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Don’t be grumpy

John was 86 years old and it was the last week of his life.

Every two hours his wife and children were on duty to see that he was turned. If he wasn’t, he would end up with bed sores. John called them the Dream Team. One night while they were moving him, John was struggling with his pajamas. They were uncomfortably twisted and wrinkled up. He was too weak to really help himself. Just as a few words of frustration escaped his lips, he interrupted himself and confessed with a tone of disappointment, “I’m getting grumpy.” His wife laughingly responded that he was never grumpy. John replied with decisive resolution, “I determined not to be.” His wife says he never so much as frowned again.

Are you like John? Probably not. Me neither.

Saturday was opening day for my boys and their baseball teams. While the 85 degree afternoon heat was beating down on us, I found myself being grumpy about why we couldn’t have the games in the evening when it would be cooler. My four-year-old grabbed me by the face and said, “Dad, we have to choose a happy heart,” and then insisted that a snow cone would help me. So, we endured 3 whole minutes of waiting in line, listening to grumbling from others because of how long it was taking. I wanted to let her grab them by the face, too.

There are researchers that say the average person complains 15 to 30 times a day. Another concluded that 80% of conversations are just general complaining. I conducted my own research and looked at Facebook and a few news sites. I don’t supposed I’d wow you with my findings, would I?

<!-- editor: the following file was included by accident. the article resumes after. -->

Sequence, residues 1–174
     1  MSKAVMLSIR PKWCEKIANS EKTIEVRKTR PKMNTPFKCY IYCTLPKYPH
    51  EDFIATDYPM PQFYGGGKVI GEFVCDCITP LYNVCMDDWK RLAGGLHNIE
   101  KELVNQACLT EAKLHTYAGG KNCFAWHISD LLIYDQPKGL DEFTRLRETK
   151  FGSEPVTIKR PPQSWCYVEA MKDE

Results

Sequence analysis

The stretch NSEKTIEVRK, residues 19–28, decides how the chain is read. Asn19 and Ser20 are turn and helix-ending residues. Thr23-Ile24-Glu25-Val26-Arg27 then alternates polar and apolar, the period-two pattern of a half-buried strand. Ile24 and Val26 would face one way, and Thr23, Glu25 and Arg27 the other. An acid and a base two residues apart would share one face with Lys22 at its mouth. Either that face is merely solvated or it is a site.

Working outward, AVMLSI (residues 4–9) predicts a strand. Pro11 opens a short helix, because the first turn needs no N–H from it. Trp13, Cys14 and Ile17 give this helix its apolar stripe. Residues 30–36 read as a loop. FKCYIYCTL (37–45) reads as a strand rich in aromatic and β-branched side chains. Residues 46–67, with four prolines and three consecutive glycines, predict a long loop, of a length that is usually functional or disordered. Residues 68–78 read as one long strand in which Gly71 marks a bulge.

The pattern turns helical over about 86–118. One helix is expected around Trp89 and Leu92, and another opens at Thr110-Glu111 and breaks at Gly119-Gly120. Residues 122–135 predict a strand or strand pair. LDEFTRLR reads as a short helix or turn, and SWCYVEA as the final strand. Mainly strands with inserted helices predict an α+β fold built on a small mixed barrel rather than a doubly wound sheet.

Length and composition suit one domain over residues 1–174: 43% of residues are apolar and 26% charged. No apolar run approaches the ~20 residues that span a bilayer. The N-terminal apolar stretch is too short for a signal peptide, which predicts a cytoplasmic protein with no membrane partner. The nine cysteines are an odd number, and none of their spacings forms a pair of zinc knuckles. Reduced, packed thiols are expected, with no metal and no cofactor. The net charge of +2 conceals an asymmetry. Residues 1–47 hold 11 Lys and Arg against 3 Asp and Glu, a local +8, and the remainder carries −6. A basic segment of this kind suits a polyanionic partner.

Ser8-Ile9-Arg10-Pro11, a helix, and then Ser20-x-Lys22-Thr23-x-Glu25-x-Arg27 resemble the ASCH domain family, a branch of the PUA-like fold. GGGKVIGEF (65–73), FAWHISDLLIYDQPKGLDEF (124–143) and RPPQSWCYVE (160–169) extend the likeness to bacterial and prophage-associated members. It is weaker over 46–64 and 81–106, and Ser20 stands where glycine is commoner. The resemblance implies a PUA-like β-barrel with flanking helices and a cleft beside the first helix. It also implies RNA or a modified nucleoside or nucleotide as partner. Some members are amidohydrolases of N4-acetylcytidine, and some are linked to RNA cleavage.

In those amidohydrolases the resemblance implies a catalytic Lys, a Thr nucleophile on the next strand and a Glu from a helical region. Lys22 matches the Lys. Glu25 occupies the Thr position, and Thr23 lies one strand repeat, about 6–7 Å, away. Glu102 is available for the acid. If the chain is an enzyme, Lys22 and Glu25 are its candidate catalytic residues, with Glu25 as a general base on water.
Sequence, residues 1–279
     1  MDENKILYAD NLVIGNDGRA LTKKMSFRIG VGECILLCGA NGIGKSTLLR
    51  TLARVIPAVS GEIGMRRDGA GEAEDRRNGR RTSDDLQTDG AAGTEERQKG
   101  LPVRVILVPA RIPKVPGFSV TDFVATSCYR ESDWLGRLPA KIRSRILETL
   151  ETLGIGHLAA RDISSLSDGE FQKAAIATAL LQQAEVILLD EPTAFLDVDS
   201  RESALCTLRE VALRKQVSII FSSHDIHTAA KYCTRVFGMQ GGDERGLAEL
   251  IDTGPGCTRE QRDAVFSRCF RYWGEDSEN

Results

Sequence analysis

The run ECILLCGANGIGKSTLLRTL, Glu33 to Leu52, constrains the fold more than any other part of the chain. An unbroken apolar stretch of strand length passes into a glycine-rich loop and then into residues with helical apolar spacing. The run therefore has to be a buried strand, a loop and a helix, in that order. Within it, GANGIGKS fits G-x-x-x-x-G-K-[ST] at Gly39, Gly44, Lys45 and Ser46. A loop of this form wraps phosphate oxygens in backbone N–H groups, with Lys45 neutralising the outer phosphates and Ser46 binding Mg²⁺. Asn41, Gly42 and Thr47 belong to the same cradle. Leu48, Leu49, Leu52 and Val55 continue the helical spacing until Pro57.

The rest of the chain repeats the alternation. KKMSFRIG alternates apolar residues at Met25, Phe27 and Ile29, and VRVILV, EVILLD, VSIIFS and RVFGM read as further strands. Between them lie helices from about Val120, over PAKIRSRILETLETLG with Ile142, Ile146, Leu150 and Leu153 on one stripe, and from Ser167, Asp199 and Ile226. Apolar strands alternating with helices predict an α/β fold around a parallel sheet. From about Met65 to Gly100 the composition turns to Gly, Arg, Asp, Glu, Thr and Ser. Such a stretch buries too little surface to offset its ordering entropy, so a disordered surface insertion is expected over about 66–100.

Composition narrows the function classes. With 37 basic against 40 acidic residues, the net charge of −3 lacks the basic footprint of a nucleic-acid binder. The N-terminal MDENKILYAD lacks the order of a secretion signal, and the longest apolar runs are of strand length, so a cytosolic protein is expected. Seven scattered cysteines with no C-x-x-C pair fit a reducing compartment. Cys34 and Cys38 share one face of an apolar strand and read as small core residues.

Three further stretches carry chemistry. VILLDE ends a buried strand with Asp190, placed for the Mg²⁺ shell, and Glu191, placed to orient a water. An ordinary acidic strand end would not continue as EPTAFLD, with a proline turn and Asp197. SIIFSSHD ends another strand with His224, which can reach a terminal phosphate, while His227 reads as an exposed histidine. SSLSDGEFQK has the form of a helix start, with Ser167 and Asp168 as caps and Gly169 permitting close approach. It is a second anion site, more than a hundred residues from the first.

Ships don’t go down because of the water that surrounds them. Ships go down when that water manages to get inside them. We don’t always get to choose what surrounds us, but we do get to choose what gets in. Paul said it this way:

Summing it all up, friends, I’d say you’ll do best by filling your minds and meditating on things true, noble, reputable, authentic, compelling, gracious—the best, not the worst; the beautiful, not the ugly; things to praise, not things to curse. (Phil. 4:8, The Message)

Every time I come across Philippians 4:8, I think about John. I even wrote his name down in my Bible next to it. As far as I know, he never said he was trying to live out this verse. From my perspective, however, he did. He was such an encourager and example to me. 

In one of the last conversations I had with John, I made mention of how positive he sounded. He smiled and said, “When you get my age it’s not always easy to see the bright side of things. Getting old makes your eyes quit working and sometimes you have to look twice.”

Grace to you,

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